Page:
Google's Android was built with openness in mind (though carriers have tried to snuff that out as of late). One word describes the major difference between the two mobile platforms, customization. Elaborating a little more on functionality, widgets are the biggest thing I find it hard to part with when using another mobile operating system. The built-in Power Control Widget is priceless. To enable BlueTooth or Wi-Fi on the iPhone one would have to locate your Settings icon, select General, and open the respective page. With Android, simply tap the respective button on the widget you have set up on the homescreen. Once again, simplicity can ultimately hinder functionality.

These are not major differences. Like I said originally, they both perform the same actions, they just do it in different ways with different things in mind. If you tend to listen to a lot of music on your phone, Apple has made it easy for you with iTunes, but Google has workings of their own. When all is said and done, this is the advice I leave you with, if you love media rich applications that are beautiful in all of their glory, love simplicity, and want something that just plain works, get yourself an iPhone. If you like being able to setup your phone to work the way you like it, don't mind less visually pleasing applications, and can deal with overall mediocre battery life, Android is for you. Also, you're in the US and not on AT&T but want an iPhone-like experience give Android a try. In the worst case scenario, most places off a thirty-day return policy in which you can return the device you don't like and pick what will make you happy.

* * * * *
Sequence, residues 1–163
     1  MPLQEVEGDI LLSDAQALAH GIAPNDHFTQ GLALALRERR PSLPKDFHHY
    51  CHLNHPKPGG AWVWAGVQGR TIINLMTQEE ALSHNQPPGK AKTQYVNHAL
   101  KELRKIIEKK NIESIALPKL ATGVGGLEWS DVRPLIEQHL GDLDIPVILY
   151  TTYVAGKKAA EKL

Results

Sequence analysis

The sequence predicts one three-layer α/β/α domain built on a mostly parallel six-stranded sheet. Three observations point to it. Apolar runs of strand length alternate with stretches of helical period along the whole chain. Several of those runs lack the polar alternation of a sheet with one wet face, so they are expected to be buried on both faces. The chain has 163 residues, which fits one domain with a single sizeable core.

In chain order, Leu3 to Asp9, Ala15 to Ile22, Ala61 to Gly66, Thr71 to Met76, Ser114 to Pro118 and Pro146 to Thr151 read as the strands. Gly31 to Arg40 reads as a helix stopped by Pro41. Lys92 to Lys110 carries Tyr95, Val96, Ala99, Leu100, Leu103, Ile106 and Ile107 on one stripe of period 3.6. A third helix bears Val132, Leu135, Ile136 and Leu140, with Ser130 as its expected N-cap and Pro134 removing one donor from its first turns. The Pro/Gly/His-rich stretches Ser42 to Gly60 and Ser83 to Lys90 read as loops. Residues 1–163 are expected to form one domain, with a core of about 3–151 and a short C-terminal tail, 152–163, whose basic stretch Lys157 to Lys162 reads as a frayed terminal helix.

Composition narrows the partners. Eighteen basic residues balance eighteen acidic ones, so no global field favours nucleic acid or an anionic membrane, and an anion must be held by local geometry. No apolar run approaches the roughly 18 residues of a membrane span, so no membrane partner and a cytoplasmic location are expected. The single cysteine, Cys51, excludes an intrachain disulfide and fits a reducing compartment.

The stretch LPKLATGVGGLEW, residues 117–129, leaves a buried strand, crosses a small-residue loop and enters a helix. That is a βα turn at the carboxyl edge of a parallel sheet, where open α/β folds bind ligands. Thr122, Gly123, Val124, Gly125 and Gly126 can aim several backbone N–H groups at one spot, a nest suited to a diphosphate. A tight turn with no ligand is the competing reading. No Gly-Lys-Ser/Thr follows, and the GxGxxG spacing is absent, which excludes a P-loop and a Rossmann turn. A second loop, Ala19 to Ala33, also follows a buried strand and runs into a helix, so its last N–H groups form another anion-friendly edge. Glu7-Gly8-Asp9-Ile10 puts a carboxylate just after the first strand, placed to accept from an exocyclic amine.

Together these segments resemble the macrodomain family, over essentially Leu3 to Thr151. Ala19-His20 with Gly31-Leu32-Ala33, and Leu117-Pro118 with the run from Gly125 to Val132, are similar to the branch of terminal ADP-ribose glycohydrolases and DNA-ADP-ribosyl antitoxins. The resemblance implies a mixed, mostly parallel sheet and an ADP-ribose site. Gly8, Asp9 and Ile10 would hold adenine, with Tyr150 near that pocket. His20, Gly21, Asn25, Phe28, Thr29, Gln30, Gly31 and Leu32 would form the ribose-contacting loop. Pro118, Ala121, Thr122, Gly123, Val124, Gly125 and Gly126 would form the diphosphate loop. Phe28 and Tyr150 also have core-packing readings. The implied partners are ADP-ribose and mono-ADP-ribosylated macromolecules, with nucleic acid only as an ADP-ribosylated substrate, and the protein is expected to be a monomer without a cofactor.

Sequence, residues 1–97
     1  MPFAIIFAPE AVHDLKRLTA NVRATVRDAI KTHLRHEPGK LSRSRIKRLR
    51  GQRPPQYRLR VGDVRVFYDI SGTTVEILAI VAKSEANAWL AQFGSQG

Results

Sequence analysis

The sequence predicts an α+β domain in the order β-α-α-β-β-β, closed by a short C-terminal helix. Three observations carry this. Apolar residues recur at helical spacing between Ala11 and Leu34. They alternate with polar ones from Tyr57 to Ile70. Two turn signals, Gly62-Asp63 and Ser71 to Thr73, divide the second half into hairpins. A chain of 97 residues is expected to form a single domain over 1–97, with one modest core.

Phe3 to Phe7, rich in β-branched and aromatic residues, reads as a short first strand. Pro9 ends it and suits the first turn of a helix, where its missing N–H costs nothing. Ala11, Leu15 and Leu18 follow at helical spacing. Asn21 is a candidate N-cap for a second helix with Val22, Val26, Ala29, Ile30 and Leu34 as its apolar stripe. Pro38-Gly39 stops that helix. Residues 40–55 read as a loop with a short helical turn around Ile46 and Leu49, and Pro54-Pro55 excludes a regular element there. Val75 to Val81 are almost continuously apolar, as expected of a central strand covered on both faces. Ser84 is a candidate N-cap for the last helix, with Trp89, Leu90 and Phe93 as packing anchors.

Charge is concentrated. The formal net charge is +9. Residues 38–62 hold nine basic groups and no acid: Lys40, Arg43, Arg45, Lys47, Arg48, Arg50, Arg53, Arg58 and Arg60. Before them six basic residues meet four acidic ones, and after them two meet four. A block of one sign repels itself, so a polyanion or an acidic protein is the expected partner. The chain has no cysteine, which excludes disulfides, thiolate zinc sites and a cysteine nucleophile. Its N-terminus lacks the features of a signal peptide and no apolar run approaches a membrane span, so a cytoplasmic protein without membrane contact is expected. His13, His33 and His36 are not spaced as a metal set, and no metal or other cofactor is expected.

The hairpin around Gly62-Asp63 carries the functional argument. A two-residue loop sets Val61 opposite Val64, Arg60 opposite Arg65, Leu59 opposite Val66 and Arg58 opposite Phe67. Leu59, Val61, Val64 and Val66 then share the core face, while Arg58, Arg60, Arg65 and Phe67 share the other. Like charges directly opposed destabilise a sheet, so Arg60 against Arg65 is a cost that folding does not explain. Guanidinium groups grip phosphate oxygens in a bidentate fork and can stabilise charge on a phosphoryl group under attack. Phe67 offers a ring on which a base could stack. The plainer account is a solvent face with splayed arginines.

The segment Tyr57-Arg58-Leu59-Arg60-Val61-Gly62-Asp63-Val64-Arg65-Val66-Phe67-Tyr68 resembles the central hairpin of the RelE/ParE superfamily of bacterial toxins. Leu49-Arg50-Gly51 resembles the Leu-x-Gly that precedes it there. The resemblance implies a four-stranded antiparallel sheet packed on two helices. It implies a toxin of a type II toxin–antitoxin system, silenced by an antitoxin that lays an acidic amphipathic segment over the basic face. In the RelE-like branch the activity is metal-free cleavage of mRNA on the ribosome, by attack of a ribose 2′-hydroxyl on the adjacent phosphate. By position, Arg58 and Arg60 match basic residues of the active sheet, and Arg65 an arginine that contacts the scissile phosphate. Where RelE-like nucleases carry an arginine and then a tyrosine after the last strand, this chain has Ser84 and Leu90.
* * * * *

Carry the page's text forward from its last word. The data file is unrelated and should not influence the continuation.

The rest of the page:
The market is so convoluted that even someone who reads up on every phone that is out or coming out couldn't possibly know exactly what to buy. Even if that buyer have their heart set on a device and they purchase it when it does come out, months later a similar device with slightly better specs will hit the market and leave that same person wanting again. Look for a device that will have longevity, and best suit your needs. Take, for instance the Nexus One, even at its release it didn't have the greatest specs, but is still to this day probably my favorite phone I've ever owned. It gets faster, more direct updates, has an awesome design, and most importantly, it worked for me.

You don't always need the fastest all-touchscreen phone with the largest screen available. Things like that usually lead to slight dissatisfaction with battery life or annoy you with its on-screen keyboard. Above all, what I'm saying is, no phone is perfect so don't stress yourself over it. Do your homework, read up on the device you're interested in, and make a smart purchase, which may not necessarily be the latest and greatest. You will probably be happier in the end.